N.J.S.A. 17:30C-26, captioned "Priority of claims for compensation," was amended by L. 1979, c. 470, § 1 (effective February 27, 1980) to add subsection c. Under the prior law (L. 1975, c. 113, § 26) the only priorities specified were those for administration expenses and employee compensation. Despite the claim of the Liquidator that the statute contains a technical error, our inquiry at oral argument indicated that to date no legislative initiative has been taken by the executive branch or the Legislature, including the Office of Legislative Services, to correct this supposed error. This provision was passed by the Legislature in 1979, and approved by the Governor in 1980. Moreover, the Department ofBanking and Insurance, *fn4 and presumably the Legislature, have had knowledge of the "error" at least since the date of National Casualty's objection to the assignment of its claims to Class 5, and certainly since the arguments on the cross-motions for summary judgment on May 24 and June 21, 1996. Nonetheless, no action has been taken to administratively or legislatively address the matter, the Liquidator pursuing the litigation route.
By virtue of the 1979 amendment the statute now provides five classes of priorities for distribution of a liquidated insurance company's assets:
c. The priorities of distribution in a liquidation proceeding shall be in the following order:
(1) Expenses of administration;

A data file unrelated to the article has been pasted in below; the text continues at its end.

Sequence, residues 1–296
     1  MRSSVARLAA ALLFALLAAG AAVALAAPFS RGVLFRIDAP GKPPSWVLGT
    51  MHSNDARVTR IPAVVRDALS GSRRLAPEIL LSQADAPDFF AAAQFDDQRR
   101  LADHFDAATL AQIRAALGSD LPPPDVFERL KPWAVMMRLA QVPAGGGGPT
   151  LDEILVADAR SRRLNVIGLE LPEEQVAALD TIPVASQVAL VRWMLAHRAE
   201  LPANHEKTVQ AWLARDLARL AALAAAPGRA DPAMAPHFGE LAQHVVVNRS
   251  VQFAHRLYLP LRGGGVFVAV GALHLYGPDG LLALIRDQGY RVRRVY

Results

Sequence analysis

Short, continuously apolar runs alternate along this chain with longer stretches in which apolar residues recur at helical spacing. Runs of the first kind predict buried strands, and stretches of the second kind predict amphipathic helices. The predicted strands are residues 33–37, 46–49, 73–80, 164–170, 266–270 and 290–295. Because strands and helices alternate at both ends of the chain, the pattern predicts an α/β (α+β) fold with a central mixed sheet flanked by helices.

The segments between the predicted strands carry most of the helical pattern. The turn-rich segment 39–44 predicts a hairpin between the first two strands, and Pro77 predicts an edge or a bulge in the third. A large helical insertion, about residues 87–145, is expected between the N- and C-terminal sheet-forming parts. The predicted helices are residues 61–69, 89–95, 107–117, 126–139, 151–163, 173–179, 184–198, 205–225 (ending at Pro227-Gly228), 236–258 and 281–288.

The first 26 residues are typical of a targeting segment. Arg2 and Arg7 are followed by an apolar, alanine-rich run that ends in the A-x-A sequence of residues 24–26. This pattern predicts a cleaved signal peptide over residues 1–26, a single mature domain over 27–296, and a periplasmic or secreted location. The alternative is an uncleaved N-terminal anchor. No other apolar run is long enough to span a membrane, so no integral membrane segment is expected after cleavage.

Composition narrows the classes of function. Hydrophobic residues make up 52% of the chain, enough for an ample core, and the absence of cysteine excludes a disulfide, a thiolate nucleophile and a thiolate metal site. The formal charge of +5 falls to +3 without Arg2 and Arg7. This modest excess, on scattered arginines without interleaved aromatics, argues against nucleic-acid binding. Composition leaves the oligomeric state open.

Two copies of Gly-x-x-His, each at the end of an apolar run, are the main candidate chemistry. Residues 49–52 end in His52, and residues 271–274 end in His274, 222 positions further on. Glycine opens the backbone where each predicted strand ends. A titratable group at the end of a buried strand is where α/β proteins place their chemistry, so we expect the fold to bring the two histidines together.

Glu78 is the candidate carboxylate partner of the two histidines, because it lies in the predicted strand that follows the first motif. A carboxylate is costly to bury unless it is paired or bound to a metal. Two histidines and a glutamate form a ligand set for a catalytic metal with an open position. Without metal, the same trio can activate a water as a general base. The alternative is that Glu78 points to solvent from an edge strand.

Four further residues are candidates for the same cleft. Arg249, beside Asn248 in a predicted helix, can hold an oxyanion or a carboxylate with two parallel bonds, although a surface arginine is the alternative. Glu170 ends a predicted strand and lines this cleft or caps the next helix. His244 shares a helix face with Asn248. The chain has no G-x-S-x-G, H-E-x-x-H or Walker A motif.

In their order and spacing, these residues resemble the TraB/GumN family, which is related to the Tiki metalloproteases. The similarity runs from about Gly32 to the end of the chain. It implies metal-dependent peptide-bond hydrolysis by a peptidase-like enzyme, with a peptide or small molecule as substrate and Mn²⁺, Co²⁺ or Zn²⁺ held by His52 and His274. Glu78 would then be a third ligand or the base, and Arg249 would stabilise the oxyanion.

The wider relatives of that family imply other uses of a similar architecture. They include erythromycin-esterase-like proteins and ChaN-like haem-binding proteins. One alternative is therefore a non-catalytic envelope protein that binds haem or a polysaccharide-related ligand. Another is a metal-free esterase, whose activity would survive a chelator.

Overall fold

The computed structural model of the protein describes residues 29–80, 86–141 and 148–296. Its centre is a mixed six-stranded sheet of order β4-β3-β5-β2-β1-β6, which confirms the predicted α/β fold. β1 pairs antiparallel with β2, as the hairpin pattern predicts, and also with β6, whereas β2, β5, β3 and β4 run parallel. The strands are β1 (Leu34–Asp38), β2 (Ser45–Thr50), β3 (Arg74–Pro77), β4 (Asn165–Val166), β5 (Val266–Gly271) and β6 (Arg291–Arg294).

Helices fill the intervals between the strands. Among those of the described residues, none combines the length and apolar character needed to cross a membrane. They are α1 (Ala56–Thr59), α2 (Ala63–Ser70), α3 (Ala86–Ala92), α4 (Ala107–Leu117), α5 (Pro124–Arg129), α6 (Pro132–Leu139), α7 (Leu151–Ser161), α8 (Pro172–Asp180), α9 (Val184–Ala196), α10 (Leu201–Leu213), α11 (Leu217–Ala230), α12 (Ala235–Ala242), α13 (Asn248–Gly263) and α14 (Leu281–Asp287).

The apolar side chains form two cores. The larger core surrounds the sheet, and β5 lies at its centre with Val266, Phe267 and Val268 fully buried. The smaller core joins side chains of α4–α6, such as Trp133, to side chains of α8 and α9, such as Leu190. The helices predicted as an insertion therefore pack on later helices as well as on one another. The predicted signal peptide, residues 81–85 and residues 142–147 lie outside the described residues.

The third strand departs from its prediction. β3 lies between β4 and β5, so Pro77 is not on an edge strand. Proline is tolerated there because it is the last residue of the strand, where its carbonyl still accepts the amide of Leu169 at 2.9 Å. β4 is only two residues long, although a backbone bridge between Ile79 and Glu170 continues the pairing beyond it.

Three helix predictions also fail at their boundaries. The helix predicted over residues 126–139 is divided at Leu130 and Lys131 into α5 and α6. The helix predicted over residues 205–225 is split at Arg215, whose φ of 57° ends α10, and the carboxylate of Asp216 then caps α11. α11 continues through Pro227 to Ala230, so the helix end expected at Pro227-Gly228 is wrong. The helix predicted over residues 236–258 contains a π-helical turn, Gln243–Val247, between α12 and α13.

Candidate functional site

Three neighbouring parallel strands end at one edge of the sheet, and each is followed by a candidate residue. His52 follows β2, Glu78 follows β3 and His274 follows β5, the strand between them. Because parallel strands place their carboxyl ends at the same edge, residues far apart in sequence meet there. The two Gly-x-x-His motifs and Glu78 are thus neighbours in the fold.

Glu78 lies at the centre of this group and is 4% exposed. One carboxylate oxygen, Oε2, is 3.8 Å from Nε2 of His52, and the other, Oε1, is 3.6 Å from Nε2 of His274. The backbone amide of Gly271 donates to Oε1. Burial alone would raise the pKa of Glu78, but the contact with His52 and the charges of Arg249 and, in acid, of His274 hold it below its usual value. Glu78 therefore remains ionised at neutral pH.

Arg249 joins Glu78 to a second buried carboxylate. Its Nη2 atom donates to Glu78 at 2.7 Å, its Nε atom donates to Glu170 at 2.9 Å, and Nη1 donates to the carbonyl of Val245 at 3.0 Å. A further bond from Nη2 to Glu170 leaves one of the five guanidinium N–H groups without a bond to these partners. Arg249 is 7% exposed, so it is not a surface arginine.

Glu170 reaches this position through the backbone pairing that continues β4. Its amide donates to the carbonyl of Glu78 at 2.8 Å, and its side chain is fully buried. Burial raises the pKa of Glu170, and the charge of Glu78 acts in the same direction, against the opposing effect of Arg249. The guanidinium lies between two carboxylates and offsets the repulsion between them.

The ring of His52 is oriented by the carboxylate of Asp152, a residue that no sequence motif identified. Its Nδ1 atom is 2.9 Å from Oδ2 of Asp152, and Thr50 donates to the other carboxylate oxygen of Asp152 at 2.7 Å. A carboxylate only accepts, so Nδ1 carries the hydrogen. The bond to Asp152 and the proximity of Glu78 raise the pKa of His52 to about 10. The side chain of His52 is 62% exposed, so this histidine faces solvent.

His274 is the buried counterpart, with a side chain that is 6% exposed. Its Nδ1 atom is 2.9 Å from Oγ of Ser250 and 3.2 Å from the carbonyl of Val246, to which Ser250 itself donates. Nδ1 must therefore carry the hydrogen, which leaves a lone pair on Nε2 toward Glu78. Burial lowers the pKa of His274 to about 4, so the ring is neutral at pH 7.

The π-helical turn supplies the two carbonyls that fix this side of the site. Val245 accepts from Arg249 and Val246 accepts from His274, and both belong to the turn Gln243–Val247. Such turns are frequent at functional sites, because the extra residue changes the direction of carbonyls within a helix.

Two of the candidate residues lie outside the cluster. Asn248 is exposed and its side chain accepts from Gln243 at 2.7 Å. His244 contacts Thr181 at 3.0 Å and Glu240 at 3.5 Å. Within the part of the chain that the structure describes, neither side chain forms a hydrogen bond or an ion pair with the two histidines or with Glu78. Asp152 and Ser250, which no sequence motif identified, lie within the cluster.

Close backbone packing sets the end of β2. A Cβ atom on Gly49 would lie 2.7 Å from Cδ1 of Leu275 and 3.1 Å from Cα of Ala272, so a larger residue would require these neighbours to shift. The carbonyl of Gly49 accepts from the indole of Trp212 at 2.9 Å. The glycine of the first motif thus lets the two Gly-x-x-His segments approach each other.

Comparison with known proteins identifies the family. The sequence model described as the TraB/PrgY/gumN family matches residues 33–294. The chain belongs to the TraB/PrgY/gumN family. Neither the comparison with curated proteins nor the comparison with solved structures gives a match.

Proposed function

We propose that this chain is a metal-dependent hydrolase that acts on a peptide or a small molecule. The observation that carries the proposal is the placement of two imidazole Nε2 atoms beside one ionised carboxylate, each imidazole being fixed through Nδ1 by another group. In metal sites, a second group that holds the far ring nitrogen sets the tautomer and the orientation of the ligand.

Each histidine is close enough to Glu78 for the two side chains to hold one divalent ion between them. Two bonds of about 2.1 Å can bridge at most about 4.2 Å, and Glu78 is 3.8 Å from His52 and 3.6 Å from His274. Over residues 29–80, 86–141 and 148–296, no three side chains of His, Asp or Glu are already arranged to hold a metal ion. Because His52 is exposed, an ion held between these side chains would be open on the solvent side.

(2) Compensation of employees as provided in subsection (a) of this section;
(3) Claims for taxes and debts due to Federal or any state or local government which are secured by liens perfected prior to the commencement of delinquency proceedings;
(4) Claims by policyholders, beneficiaries and insurers arising from and within the coverage of and not in excess of the applicable limits of insurance policies and insurance contracts issued by the company and liability claims against insurers which claims are within the coverage of and not in excess of the applicable limits of insurance policies and insurance contracts issued by the company and claims presented by the New Jersey Property-Liability Insurance Guaranty Association and claims presented by any similar organization in another state;
(5) All other claims. [N.J.S.A. 17:30C-26(c) (emphasis added).]
Although the record is meager, as is the legislative history, a reading of subsection c(4) nonetheless leads to the Conclusion that National Casualty does not qualify for Class 4 priority because its claim here is that of a reinsured. Whether subsection c(4) is read literally to include "insurers" or read liberally to include "insureds" only, the legislative history and caselaw applying the UILA lead to the inescapable Conclusion that reinsureds were not intended to be given the same priority status as primary policyholders and direct insureds.